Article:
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Are We In for Another Housing Collapse?

Are We In for Another Housing Collapse?

Mar 29, 2024

Are We In for Another Housing Collapse?

Whoever is in the White House next year will have a nationwide real estate mess dumped in his lap, and the wrong public policies could mean a repeat of the last housing collapse.

To finance trillions of dollars in excess government spending over the last several years, the Federal Reserve forced interest rates down to near zero. That reduced borrowing costs for the Treasury, businesses and consumers alike but created ticking time bombs of debt.

Commercial real estate had already overexpanded in many areas of the country before the pandemic, and it was due for a correction. That never happened, however, because interest rates went so low that otherwise unprofitable ventures were sustainable—at least for a few years.

Unlike a conventional home mortgage, most commercial real estate is short-term debt that is frequently rolled over. Nearly $1 trillion, or roughly one-fifth, of these loans will need to be refinanced this year. One-quarter of the loans backed by office properties and nearly 40% of those backed by hotels also mature this year.

Many commercial real estate loans that were due in 2023 were extended into this year in the hopes that they could be refinanced at lower interest rates, a hope that has not materialized.

Now, property owners are faced with office buildings and even some apartments that they can’t fill with tenants, so their incomes are down. On the other side of the ledger, higher interest rates have increased their costs. This deadly combination is increasingly causing property owners to default on their loans and turn their devalued properties over to the lenders.

Commercial real estate loans are primarily held by regional banks, not large national financial institutions such as J.P. Morgan or Wells Fargo. More than 30% of small banks’ balance sheets are commercial real estate loans, while that debt occupies less than 7% of the balance sheets of large banks.

The same regional banks that have been on shaky ground for over a year now hold what looks like a ticking time bomb in commercial real estate. As these loans go bad, the banks holding that debt will take massive losses.

Residential loans are no garden party either. Many Americans got adjustable-rate mortgages in 2020 at rock-bottom interest rates, but one type of these loans guarantees those rates for only five years, meaning that higher rates will start in 2025. This same thing happened in the lead-up to the 2007 subprime mortgage crisis.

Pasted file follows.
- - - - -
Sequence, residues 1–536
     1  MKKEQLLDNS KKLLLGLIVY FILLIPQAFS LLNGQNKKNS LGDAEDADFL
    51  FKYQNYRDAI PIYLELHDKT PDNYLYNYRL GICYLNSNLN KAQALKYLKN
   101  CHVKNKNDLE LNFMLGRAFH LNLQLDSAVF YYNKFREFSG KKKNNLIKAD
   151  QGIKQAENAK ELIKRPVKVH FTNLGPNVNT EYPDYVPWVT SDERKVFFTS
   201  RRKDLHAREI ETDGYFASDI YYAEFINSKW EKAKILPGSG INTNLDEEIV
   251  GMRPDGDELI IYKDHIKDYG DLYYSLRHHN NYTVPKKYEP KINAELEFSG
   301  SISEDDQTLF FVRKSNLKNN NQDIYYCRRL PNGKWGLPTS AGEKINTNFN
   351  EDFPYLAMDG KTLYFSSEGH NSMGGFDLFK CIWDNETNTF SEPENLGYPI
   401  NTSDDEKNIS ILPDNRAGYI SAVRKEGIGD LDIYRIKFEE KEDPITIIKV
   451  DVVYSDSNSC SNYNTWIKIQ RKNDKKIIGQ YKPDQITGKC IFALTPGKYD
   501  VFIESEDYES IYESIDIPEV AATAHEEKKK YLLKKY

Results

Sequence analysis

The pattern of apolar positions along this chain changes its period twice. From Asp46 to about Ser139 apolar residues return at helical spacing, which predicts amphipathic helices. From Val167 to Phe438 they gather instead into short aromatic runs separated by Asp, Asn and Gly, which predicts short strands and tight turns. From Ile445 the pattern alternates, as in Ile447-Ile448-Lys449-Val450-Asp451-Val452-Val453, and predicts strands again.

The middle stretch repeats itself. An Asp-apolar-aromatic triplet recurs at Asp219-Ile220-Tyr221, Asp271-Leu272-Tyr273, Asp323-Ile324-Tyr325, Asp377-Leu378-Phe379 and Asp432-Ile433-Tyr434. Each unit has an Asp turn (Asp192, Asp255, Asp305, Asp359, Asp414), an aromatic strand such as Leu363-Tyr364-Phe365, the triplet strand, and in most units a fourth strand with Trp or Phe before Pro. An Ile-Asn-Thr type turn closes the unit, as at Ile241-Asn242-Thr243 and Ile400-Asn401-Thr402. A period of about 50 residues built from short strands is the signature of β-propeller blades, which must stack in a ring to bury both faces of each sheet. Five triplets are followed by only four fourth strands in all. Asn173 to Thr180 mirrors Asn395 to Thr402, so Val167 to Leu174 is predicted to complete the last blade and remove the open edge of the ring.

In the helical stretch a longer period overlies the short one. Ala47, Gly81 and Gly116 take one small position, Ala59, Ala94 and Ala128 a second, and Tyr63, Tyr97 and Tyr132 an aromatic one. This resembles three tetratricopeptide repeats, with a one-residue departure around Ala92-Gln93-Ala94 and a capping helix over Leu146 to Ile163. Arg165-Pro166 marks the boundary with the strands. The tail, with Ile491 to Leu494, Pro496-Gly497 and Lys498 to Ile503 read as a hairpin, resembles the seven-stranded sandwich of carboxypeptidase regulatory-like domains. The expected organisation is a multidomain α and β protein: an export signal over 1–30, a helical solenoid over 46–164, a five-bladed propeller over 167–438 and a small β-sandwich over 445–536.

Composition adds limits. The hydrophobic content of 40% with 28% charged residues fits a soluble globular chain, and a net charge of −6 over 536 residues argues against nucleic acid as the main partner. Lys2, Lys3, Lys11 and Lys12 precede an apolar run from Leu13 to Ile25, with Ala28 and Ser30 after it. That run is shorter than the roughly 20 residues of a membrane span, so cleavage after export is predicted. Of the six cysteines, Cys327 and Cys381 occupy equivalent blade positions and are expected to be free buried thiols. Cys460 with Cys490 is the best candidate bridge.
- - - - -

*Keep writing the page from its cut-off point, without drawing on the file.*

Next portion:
Inflation has already stretched American families’ budgets paper thin. Higher monthly mortgage payments will push many people over a financial cliff. People are already falling behind on their mortgages.

Instead of dealing with the problem now, the Biden administration has kicked the can down the road on FHA (Federal Housing Administration) loans by extending COVID-era options to borrowers. People can now pay just 75% of their monthly mortgage payment if they are in arrears.

The extension lasts only until April 30, 2025, and then FHA borrowers will be right back to where they are today—if they’re lucky. Things will likely worsen by then as they continue falling deeper into debt.

Revolving consumer credit, which is mostly credit card debt, is over $1.3 trillion, with annual interest charges exceeding $300 billion. Including all nonmortgage debt, families are now paying annualized interest of $573 billion.

Frighteningly, this is about equal to the interest on mortgage debt for the first time in U.S. history.

Just as the government has kept spending by going deeply into debt (over $34 trillion and counting), consumers have done the same thing. That’s why terms like “air pocket,” “bubble” and even “fake” have been thrown around when describing today’s economic growth.

Positive political spin and cherry-picked data fail to mask the ticking time bomb of debt, like lipstick unable to conceal the pig. The consumer debt spiral is no more sustainable than the government’s trajectory of spending, borrowing and printing money into oblivion.

The unprecedented expansion of federal expenditures over the last several years has far-reaching ripple effects, some of which still haven’t arrived on our shores. Let’s hope the next occupant of the Oval Office has the expertise to navigate the ship of state through the coming real estate storm.

Published by The Washington Times


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